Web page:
Uptake of 99mTc-exametazime shown by single photon emission computed tomography before and after lithium withdrawal in bipolar patients: Associations with mania
Goodwin GM., Cavanagh JTO., Glabus MF., Kehoe RF., O'Carroll RE., Ebmeier KP.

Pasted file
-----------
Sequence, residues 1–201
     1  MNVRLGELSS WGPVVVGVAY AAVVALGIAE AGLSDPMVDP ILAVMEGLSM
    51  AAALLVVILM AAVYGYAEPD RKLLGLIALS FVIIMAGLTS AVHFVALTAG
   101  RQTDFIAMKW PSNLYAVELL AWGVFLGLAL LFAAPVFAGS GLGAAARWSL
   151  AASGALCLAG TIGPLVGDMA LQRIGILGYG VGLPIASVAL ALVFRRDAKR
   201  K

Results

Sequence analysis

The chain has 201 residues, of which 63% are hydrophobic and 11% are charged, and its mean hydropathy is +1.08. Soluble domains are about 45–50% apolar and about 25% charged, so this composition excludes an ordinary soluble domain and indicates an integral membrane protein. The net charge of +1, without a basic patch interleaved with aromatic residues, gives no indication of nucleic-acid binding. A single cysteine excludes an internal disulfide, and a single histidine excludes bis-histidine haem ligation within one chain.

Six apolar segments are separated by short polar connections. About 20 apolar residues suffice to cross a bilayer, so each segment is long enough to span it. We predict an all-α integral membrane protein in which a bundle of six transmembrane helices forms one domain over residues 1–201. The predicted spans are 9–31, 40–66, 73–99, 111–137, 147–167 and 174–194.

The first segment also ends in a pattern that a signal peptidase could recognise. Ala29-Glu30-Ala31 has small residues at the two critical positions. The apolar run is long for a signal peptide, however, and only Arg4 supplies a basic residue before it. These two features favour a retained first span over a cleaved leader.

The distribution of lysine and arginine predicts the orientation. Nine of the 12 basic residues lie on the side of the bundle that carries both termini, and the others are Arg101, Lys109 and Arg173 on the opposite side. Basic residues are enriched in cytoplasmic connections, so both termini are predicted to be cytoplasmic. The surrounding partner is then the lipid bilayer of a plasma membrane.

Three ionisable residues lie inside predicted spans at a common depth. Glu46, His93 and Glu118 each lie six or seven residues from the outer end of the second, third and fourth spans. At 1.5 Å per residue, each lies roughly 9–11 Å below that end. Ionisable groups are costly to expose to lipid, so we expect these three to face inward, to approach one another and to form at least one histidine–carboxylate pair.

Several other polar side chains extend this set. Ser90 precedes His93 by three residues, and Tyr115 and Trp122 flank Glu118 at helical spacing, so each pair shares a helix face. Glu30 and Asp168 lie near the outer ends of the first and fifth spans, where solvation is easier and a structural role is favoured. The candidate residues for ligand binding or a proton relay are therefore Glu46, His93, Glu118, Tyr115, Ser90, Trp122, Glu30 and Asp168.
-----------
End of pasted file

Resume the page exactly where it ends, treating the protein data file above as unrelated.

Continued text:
<jats:sec><jats:title>Background</jats:title><jats:p>Early manic relapse following lithium discontinuation offers an important opportunity to investigate the relationship between symptoms, effects of treatment and regional brain activation in bipolar affective disorder.</jats:p></jats:sec><jats:sec><jats:title>Method</jats:title><jats:p>Fourteen stable bipolar patients on lithium were examined with neuropsychological measures, clinical ratings and single photon emission computed tomography (SPECT) before and after acute double-blind withdrawal of lithium. Brain perfusion maps were spatially transformed into standard stereotactic space and compared pixel-by-pixel. A parametric analysis was used to examine the change in brain perfusion on lithium withdrawal, and the relationship between symptom severity and brain perfusion separately both between and within subjects.</jats:p></jats:sec><jats:sec><jats:title>Results</jats:title><jats:p>Lithium withdrawal was associated with an important redistribution of brain perfusion, with increases in inferior posterior regions and decreases in limbic areas, particularly anterior cingulate cortex. Seven of the 14 patients developed manic symptoms during the placebo phase, correlating with relative increases in perfusion of superior anterior cingulate and possibly left orbito-frontal cortex.</jats:p></jats:sec><jats:sec><jats:title>Conclusions</jats:title><jats:p>The important effect of lithium withdrawal on brain perfusion implies that after withdrawal of lithium, the brain develops an abnormal state of activity in limbic cortex. The structures involved did not co-localise with those apparently modulated by manic symptoms.</jats:p></jats:sec>